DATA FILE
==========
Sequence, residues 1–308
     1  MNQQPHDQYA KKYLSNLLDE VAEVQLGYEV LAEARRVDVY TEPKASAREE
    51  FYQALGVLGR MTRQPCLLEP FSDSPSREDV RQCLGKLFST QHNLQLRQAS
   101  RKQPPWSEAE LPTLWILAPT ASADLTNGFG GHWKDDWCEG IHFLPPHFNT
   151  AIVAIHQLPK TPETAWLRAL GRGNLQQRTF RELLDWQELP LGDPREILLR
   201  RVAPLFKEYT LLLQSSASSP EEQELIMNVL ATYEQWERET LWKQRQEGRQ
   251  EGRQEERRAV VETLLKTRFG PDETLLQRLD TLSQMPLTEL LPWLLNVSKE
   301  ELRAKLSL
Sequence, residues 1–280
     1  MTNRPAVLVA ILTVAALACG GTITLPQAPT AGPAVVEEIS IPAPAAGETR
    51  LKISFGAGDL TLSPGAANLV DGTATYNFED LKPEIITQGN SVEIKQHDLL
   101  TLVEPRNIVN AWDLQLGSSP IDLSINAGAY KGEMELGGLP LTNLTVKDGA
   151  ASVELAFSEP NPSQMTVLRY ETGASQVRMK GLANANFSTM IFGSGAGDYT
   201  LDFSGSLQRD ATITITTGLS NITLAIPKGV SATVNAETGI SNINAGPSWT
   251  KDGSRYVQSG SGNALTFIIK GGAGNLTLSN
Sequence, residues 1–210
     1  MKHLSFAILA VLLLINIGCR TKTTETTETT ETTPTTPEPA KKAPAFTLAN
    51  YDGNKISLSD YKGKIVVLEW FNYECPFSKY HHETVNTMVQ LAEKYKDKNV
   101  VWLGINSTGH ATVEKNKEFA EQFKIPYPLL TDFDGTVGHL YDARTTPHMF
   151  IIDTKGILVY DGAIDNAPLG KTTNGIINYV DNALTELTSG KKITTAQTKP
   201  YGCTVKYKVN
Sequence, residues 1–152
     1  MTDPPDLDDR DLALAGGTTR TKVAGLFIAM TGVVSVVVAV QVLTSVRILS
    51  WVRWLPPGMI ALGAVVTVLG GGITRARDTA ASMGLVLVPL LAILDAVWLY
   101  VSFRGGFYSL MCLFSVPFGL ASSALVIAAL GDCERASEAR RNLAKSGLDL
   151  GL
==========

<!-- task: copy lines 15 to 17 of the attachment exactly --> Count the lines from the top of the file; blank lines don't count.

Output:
   251  KDGSRYVQSG SGNALTFIIK GGAGNLTLSN
Sequence, residues 1–210
     1  MKHLSFAILA VLLLINIGCR TKTTETTETT ETTPTTPEPA KKAPAFTLAN